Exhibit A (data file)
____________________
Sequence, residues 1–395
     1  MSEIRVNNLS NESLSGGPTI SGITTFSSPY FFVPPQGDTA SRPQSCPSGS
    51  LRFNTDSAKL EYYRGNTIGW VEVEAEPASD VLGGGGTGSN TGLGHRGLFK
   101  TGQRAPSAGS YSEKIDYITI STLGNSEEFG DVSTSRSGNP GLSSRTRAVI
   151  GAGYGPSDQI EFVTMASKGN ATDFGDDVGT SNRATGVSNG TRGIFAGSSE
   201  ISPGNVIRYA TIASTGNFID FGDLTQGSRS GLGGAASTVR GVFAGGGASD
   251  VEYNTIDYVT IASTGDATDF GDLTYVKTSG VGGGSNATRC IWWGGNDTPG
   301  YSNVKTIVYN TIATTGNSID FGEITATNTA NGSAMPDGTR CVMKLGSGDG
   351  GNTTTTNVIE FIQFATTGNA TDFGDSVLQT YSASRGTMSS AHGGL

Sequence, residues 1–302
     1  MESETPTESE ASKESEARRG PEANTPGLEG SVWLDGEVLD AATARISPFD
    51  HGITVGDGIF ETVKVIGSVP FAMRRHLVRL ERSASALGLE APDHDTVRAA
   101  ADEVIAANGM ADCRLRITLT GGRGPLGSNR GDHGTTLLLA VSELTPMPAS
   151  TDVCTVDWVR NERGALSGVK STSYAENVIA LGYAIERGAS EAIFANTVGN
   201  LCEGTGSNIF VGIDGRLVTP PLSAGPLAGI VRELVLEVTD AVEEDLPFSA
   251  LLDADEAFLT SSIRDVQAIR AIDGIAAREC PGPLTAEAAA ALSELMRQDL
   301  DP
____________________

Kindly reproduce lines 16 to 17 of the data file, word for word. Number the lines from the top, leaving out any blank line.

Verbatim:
   251  LLDADEAFLT SSIRDVQAIR AIDGIAAREC PGPLTAEAAA ALSELMRQDL
   301  DP